‘Zombieland: Double Tap’ Review: A Pointless Sequel That Pales in Comparison to the Original

Here’s our review of ‘Zombieland: Double Tap’, the sequel to the original ‘Zombieland’ from 2009, which opens in theaters nationwide on Friday…

By Damon Martin — Editor/Lead Writer

When ‘Zombieland’ was released in 2009, it certainly wasn’t the first horror-comedy and it wasn’t even the original zombie comedy — ‘Shaun of the Dead’ had them beat by five years.

That said, the original ‘Zombieland’ checked all the boxes for a wholly original and hilarious take on the zombie genre with a perfect cast and a compelling enough story to make it all seem (almost) believable. The film largely revolved around four characters along with a special guest appearance by Bill Murray in one of the film’s most memorable scenes and it felt like that’s all the movie needed when it was all said and done.

‘Zombieland’ was a truly satisfying movie going experience from start to finish because the movie was action packed, hilarious and even managed to stick in a few moments that tugged at the heart strings.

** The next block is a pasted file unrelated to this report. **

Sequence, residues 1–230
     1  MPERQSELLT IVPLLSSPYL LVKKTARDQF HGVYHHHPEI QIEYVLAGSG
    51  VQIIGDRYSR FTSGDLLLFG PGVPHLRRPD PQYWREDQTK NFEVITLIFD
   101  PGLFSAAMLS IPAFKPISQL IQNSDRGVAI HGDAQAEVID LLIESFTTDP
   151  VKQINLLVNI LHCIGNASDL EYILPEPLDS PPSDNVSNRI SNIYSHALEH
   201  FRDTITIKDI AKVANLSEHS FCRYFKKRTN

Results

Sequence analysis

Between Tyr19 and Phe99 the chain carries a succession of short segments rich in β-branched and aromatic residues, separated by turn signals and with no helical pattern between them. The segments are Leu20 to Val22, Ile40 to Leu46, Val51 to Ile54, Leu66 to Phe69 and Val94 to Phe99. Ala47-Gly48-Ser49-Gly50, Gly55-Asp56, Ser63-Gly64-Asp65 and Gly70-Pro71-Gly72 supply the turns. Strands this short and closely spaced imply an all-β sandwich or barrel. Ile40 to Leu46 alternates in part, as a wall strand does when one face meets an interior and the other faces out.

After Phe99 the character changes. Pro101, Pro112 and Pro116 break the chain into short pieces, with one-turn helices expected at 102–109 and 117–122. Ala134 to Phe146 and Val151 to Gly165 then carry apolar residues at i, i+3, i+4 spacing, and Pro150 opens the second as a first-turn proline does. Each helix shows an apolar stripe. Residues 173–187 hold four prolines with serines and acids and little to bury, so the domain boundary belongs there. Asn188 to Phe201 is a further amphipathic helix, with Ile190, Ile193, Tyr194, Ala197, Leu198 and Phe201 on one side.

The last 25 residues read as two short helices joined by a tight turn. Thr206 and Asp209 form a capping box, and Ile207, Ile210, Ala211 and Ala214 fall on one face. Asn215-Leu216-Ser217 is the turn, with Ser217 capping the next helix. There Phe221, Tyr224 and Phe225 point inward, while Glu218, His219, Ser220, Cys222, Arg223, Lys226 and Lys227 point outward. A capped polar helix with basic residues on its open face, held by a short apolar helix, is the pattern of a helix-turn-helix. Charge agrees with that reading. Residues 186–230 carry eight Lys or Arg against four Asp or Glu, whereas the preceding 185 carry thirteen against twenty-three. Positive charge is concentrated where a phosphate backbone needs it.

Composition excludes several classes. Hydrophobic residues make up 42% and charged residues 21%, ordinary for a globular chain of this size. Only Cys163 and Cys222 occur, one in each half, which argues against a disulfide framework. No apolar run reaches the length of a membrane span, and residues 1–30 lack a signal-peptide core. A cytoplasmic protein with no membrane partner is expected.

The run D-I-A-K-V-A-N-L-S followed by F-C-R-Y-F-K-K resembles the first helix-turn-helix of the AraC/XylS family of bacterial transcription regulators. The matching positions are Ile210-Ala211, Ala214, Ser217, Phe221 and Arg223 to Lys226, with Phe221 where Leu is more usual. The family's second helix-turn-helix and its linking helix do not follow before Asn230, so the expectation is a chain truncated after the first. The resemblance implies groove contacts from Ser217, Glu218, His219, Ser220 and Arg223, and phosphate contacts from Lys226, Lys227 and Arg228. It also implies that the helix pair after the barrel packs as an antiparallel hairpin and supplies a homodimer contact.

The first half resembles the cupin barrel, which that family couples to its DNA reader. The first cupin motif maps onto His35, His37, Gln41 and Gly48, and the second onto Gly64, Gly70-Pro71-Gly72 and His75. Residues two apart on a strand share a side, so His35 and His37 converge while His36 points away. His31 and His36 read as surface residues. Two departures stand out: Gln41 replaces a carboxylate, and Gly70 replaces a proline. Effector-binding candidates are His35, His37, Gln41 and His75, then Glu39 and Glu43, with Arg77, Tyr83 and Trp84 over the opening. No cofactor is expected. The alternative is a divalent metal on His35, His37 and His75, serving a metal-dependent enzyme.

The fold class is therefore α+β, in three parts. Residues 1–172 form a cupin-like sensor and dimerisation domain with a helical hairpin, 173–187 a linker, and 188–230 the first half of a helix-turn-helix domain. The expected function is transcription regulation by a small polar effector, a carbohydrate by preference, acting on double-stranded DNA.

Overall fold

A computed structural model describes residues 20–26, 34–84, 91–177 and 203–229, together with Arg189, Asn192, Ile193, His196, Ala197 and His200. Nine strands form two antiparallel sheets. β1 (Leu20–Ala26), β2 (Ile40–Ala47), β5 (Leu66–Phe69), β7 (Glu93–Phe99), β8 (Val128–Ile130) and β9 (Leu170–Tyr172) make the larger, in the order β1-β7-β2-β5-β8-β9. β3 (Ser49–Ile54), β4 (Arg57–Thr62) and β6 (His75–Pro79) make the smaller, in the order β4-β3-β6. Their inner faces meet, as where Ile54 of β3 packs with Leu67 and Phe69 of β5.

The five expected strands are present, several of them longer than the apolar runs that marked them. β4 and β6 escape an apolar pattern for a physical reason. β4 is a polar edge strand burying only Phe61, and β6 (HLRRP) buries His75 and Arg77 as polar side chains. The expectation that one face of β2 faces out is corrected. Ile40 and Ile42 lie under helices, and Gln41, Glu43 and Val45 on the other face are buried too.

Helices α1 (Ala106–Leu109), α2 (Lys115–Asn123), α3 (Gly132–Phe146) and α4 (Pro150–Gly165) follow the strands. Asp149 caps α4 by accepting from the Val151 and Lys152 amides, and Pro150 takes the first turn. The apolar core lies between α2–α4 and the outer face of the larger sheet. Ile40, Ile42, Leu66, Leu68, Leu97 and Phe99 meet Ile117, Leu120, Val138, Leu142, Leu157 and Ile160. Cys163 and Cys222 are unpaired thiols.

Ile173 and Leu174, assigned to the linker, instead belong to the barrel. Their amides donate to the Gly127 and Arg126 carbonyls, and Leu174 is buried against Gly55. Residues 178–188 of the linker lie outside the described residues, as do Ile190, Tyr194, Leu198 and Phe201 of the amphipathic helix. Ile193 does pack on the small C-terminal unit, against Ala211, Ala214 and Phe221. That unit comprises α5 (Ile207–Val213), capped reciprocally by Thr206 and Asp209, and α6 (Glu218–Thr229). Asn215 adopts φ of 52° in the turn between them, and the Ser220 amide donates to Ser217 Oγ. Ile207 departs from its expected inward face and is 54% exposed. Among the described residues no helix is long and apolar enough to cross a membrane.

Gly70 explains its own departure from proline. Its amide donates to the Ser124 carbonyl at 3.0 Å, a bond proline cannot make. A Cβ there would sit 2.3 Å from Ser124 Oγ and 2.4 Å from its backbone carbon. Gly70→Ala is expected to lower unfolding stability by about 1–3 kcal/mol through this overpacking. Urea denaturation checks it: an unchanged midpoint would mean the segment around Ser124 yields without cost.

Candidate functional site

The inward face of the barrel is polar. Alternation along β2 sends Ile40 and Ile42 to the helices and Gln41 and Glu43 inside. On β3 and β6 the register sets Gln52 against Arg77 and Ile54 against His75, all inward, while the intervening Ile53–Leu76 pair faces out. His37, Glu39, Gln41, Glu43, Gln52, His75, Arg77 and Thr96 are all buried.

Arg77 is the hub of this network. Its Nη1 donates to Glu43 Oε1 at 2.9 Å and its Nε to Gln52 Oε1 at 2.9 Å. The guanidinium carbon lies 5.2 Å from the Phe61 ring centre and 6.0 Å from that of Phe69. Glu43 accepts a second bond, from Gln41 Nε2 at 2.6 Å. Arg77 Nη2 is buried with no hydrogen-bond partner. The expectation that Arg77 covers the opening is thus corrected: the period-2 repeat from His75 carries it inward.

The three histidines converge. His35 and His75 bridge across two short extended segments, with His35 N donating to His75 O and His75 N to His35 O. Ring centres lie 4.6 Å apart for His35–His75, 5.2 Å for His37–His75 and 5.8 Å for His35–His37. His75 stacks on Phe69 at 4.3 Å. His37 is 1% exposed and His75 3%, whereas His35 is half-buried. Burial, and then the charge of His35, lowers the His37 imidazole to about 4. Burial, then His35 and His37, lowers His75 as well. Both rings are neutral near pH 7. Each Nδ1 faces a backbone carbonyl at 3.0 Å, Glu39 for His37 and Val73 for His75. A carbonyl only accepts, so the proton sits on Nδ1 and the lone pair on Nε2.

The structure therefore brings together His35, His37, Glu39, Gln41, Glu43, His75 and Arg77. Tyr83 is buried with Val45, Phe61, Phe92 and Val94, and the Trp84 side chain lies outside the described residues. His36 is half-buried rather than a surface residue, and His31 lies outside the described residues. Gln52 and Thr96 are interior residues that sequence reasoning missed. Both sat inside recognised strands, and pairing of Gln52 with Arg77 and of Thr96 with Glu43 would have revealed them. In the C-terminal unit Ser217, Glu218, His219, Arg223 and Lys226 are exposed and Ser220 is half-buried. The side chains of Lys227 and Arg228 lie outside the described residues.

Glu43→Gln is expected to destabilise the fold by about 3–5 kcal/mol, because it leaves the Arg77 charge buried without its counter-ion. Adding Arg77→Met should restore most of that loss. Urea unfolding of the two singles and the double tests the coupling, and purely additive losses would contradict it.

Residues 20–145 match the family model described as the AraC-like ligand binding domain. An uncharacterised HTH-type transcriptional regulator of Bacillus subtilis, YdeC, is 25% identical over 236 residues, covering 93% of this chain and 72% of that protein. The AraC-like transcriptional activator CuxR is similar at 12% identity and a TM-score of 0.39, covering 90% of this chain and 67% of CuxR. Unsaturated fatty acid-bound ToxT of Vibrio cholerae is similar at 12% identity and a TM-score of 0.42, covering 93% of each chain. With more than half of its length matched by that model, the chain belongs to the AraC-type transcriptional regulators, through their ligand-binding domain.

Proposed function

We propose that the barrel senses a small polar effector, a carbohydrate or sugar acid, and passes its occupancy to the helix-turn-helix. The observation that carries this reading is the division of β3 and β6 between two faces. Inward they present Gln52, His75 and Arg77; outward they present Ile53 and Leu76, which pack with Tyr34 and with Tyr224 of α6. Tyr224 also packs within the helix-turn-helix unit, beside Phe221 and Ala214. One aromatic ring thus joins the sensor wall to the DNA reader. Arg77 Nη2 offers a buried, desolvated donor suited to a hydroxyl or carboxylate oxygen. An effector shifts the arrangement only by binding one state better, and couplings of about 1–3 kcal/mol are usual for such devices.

And despite a solid cast, ‘Zombieland’ wasn’t expected to be a box office blockbuster when it first arrived but through word of mouth and solid reviews, the film became a cult classic beloved by fans across the globe.

Now 10 years later, ‘Zombieland: Double Tap’ has arrived, which reunites those same four characters but much like every sequel in horror history, this one has to be bigger, bloodier and pack in even more impressive kills along the way.

When you toss in the comedy element, ‘Zombieland: Double Tap’ attempts to recapture the same spirit of the original film and while a few jokes land, the movie largely fails to trigger any real laughs throughout the one hour and 40 minute run time.

The two ‘human’ stories at the center of this movie also fail to capture any of the spirit that revolved around gruff zombie killer Tallahassee secretly mourning the loss of his child and the budding romance between Columbus and Wichita, which paid off huge in the end with a piece of hair being brushed back behind an ear and a simple kiss before the credits rolled.

The “plot” — and I use that term loosely when applied to this film — in “Zombieland: Double Tap” is so utterly pointless that you actually hope a few of the people get infected just so something worthwhile will actually happen in this movie.